The Cult Of Entrepreneurialism

One thing I genuinely dislike is being called an “entrepreneur”.  Lots of people run around proudly pronouncing themselves as “entrepreneurs” and wearing it like some idiotic badge of honour, but I think it’s stupid.

I think entrepreneurialism is a personal quality or character trait that you might have, but labelling yourself as an “entrepreneur” is pretty short-sighted.

For me, I prefer the term “business owner” because I think it conveys that I am building something separate from myself.  My business is something that I own, not something that I am.

And I’m very clear about my goals with my business activities as well.  I am building something, putting in the effort, expending resources all with the desire to generate profit.  It’s a pretty simple thing, to be honest.  That’s its purpose, generate wealth for my family and me.

If you’ve been reading these posts for the last few months you’ll remember that when I started Casual Marketer I referred to it as a “project” rather than a business.  That was intentional.  Casual Marketer was me taking a chance – I wanted to create content, put together the newsletter product and put it out there to see what people though.  It wasn’t until late March or early April that I became comfortable that it had become a business and I could start focusing on how to make it profitable.

Many of the special little snowflakes out there who walk around telling everyone who’ll listen that they are an “entrepreneur” talk about a dozen things other than building a business that produces a positive income for them.  Many of these people actually scoff at the very idea of profit like they would somehow dirty their wonderful vision with base notions like that.

I browsed through a few Facebook groups today to do some research.  I found literally dozens of people talking about “their why”, but not one of those people talked about building a business to turn a significant growing profit.

I found that kind of disturbing.

These specials mentioned things like:

– “I want to help people”;
– “I want to be location independent”;
– “I don’t want to have a job”;
– “I need to create a legacy”;
– “Freedom”; etc…

There was an assortment of other noisy things that almost exclusively revolved around these people’s “feelz”.  They had no idea that these things were actually a byproduct of running a profitable, successful business not the actual goal itself.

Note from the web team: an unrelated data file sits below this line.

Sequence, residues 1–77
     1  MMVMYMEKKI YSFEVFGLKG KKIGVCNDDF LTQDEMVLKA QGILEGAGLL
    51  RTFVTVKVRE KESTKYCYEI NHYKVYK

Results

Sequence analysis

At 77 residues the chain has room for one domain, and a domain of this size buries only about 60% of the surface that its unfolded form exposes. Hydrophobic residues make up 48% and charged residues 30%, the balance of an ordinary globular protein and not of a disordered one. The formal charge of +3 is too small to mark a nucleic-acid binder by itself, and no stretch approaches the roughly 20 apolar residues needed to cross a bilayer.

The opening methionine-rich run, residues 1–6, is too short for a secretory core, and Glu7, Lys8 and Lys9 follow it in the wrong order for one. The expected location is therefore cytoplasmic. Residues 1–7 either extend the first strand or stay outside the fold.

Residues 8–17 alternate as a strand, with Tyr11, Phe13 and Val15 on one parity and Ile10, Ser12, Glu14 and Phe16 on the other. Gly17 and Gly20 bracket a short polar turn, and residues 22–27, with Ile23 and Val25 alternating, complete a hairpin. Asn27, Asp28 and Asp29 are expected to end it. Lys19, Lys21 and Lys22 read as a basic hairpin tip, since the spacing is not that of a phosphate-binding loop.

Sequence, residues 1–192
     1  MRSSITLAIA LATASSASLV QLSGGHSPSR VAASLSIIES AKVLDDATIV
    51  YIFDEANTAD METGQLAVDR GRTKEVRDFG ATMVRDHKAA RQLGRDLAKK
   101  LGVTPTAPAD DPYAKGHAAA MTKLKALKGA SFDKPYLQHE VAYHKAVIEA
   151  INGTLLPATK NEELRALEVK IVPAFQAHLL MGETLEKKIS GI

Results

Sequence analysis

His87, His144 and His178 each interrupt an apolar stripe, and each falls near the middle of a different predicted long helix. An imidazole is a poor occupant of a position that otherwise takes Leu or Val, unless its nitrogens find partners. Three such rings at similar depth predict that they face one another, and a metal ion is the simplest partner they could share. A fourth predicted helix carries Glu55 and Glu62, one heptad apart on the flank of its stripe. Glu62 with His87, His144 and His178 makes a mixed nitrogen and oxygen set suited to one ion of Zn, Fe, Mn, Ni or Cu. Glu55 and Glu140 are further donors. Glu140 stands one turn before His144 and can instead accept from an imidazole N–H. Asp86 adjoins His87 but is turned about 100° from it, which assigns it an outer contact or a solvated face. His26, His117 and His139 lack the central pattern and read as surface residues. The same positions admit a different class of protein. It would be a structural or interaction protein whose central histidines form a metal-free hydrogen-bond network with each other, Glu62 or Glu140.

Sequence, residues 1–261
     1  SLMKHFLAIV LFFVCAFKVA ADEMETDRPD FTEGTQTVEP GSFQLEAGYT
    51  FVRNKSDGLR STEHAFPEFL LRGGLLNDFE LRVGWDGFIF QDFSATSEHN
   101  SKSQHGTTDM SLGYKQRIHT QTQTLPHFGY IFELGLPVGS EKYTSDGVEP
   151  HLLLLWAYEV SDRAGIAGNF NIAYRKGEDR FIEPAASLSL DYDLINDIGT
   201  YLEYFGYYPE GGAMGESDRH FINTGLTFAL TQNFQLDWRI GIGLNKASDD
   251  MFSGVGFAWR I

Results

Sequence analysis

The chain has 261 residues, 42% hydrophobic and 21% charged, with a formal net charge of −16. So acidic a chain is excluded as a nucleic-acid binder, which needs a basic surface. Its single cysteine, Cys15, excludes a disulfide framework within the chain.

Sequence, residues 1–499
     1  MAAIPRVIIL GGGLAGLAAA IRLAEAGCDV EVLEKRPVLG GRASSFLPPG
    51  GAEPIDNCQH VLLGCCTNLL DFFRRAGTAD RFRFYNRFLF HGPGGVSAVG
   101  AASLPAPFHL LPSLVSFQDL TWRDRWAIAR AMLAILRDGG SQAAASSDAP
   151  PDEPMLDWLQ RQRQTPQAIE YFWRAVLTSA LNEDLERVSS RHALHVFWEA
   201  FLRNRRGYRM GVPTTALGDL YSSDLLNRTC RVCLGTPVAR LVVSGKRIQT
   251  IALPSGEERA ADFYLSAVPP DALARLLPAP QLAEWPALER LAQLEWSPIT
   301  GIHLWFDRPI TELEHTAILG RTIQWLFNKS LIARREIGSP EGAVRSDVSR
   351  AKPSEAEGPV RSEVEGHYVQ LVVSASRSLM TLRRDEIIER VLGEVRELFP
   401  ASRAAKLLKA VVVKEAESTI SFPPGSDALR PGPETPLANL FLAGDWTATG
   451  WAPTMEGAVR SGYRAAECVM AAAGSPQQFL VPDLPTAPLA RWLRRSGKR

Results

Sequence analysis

I even commented on one guy’s thread that he was an emotional cripple and he should sort himself out because successfully starting and running a real business would crush him.

I admit that I shamelessly offered unsolicited advice to a random stranger on the internet, but I couldn’t help myself.  Most of the “entrepreneurs” were at least loosely grounded in that they understood the notion that they were going to have to actually produce something.  This one guy though, it was all about his wants and his endless list of needs bundled into a thick blanket of vacuous emotional nonsense, but everyone was encouraging him, not one person challenged his rampant crazy – that’s not healthy.

I’ve spoken about celebrating failure before, but it’s really an epidemic.  All of these people I saw today talking about their vision quest were being told that it was ok to fail and they’d be better for it if they did.  It was like a support group for chronically stupid.

Entrepreneurialism, in my opinion, is an amazing personal quality – having the ability to look at something and be willing to take the risk to solve that problem in a way that you can add enough value whereby you can profit from that solution is awesome.

But the key word in the above sentence is risk.  Successful business owners take risks and manage them successfully.

Entrepreneurialism is spotting the opportunity in the risk and building a business is about managing that risk profitably.  When you totally dismiss the risk and make it ok to fail, then eventually you will fail… Spectacularly.

Business owners need to have a healthy level of fear of the risk they are taking in whatever they are doing.  They have to respect it otherwise they underestimate it.

I think people like to call themselves entrepreneurs and talk about everything else other than profit because that’s easy.  They can focus on the “ideas” and the exciting parts rather than the day to day work required to be successful.  They can focus on the “transformative nature” of what they are doing rather than the financial success or failure because turning a profit is hard.

And basically, the business owners who are successful, the ones who call themselves entrepreneurs are doing themselves a disservice by using that title.  They’ve built something of value and are succeeding in their business.  They should talk about their results and be proud of what they’ve accomplished – there’s no ribbon for trying, there are only trophies for winners.

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